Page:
MentalJS Sandbox/Parser

Mental JS Logo

I was driving in the car on my own in a lot of traffic lights and I suddenly had an idea. To take the work I did in JSReg and make a real parser by matching starting and ending characters. I began to code it in my head as I was sitting in the lights. As the idea formed in my mind so did the idea of what to call it. MentalJS! It’s a cool name because you can say “whoa that’s mental” 🙂

How it works

I was new to how parsers worked so I looked around at the basic concepts but noticed there is a lexing step. I was confused because you can discover tokens on the fly as you parse. The main argument against this is you know the state before for example “{” to decide if it’s a block or object literal but by the time you get to “}” you don’t know the state since there could be many objects inside those pairs of characters. The core of my technique takes advantage of the fact that these characters require each other and a starting “{” character can’t be outside the last “}” character because that would be a syntax error. The great thing about this technique is that there are more characters in which you can match this way such as [ and ] and ( and ).

How do you know that “{” belongs to “}”? You just need a stack to pop states out when a closing “}” is found. Here is what the structure looks like:

lookups = {

When you encounter a “[” you populate the lookups state with the current state to the stack of the matching character, then when you encounter the ending “]” you read the lookups again and pop the state stack but return the known state. I do this because as you go inwards depending how many characters you have each pop will return the correct state for the matching character and these states will only be stored until the last outer character. If you have any states left at the end then you know there is a syntax error since there is a unmatched character.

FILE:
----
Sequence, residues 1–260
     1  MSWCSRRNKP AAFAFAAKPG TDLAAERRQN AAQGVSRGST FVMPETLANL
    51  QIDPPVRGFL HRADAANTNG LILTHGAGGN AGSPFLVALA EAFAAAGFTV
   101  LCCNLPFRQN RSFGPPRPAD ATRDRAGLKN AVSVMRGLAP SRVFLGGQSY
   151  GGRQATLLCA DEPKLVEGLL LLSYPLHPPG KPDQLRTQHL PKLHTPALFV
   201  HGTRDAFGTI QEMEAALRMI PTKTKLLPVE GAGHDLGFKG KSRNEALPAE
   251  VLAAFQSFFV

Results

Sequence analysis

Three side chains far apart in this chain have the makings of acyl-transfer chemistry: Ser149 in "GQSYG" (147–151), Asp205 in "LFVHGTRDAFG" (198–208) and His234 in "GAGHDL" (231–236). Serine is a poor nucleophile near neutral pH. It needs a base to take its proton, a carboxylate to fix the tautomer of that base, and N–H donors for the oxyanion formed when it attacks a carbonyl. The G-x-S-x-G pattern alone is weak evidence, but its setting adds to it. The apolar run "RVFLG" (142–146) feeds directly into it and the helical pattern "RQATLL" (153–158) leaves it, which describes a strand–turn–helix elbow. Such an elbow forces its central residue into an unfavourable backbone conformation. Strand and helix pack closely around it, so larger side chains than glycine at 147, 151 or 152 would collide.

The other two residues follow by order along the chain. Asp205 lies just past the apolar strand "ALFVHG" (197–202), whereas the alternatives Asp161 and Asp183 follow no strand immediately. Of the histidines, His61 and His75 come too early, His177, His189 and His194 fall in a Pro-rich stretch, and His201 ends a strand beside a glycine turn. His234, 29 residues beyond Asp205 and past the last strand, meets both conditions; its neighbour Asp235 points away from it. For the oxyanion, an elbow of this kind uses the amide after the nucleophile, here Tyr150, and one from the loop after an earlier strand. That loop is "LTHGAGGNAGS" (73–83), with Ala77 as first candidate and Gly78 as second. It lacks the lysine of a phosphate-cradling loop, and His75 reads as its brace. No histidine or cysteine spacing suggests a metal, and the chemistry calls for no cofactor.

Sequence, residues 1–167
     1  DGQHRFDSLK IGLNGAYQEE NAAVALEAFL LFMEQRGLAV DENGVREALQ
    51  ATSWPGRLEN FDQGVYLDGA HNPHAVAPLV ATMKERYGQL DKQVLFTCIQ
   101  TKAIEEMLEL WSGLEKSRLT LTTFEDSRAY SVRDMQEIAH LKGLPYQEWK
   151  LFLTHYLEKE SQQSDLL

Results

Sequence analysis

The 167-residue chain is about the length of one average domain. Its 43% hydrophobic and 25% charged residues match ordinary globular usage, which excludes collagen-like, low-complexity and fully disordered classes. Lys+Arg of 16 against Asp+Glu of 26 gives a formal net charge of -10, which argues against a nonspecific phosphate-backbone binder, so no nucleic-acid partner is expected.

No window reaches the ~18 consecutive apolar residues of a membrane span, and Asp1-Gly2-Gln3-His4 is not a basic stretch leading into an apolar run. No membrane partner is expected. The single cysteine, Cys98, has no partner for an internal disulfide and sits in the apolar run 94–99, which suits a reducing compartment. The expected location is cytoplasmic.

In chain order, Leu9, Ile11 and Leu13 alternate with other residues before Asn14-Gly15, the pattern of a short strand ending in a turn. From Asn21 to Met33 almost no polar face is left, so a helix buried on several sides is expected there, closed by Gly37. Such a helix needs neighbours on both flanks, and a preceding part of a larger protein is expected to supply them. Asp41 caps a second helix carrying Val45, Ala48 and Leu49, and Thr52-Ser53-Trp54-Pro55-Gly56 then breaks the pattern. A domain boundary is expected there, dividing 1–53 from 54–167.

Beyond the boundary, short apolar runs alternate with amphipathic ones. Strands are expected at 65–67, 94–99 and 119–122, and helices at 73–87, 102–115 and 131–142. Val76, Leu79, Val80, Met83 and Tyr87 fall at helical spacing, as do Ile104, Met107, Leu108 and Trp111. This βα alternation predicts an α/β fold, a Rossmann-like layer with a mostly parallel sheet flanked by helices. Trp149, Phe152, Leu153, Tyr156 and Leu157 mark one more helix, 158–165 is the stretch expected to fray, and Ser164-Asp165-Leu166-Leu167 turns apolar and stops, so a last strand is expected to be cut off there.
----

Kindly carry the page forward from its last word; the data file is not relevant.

There is a complication with this technique, some characters overlap such as the ternary operator which overlaps with object literals and labels since “:” is used by all. I got round this in two ways, for object literals I populated another state which stored the parent state and for case statements I used a current expression state to store the state until “:” was encounted. I used these states in the lookup function since when the closing character is encountered I can track the parent state and expression.

What I noticed with this technique is that it’s super fast since the lexing step/comment removal happens as it’s parsed. The code isn’t perfect however and I need to improve how I track states and automate the valid syntax and correct tokens and states because I’m doing it manually which is pretty messy at the moment.

Note I’m still learning parser terminology so apologises if I was incorrect with any references.


I decided to dump support for non ES5 browsers since I want to execute within the window but prevent sandboxed code from writing to native objects. ES5 is the only way to do this reliably. Another reason is I want to use the enumerable feature which allows me to make properties non-enumerable for objects. This is a big difference to JSReg where I had to manually rewrite for loops to remove properties. Now I create a mirror of new object literals e.g. ({a,123}) will be ({“$a$”:123,”a”:1}) allowing me to whitelist properties but enabling the “in” operator to work. The core sandboxing features are the same as JSReg since they were pretty strong and there weren’t many hacks on the actual sandbox system.


I’ve created a simple demo to see how it works, it’s still early days yet but it’s parsing quite a lot of stuff and doing a lot of sandbox work.
MentalJS Demo


Thanks especially to LeverOne (Alexey Silin) (from the sla.ckers forums) since his JavaScript skills and hacks lead me to develop a real parser that could handle his attacks. I’d also like to thank all those who broke JSReg: Jonas Magazinius, Mario, Sirdarckcat, David Lindsay, Stefano Di Paola, Soroush Dalili, Giorgio Maone and anyone else I forgot.

2 Responses to “MentalJS Sandbox/Parser”

  1. am writes:

    can you provide some docs with more info on parsers and lexing?
    This was not very clear to me….thanks!

  2. Gareth Heyes writes: